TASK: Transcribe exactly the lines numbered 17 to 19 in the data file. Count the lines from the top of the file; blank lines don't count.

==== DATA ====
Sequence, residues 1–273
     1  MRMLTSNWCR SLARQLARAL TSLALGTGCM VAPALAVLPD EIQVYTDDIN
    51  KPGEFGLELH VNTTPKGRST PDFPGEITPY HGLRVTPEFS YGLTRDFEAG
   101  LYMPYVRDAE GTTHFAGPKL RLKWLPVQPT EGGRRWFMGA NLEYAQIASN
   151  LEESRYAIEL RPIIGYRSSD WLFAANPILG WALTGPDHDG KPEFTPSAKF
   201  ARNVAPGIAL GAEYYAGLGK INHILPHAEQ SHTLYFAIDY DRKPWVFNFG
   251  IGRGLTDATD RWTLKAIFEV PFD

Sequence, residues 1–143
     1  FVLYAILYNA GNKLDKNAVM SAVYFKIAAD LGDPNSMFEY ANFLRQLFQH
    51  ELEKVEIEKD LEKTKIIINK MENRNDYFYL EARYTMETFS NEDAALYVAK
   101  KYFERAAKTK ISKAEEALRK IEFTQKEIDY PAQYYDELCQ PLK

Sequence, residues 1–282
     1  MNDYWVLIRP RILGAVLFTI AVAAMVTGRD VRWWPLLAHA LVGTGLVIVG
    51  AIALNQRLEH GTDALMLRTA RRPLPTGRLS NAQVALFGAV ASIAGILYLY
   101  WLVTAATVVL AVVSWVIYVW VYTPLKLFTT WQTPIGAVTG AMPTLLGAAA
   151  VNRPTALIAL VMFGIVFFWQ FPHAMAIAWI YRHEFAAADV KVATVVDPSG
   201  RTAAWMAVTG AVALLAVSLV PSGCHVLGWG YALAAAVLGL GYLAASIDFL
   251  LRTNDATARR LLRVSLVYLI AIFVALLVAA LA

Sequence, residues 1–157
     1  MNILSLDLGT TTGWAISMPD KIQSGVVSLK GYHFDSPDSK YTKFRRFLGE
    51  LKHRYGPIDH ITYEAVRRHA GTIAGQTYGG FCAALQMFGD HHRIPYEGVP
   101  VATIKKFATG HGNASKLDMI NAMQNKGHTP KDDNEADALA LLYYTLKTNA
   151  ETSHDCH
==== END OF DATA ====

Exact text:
   201  RTAAWMAVTG AVALLAVSLV PSGCHVLGWG YALAAAVLGL GYLAASIDFL
   251  LRTNDATARR LLRVSLVYLI AIFVALLVAA LA

Sequence, residues 1–157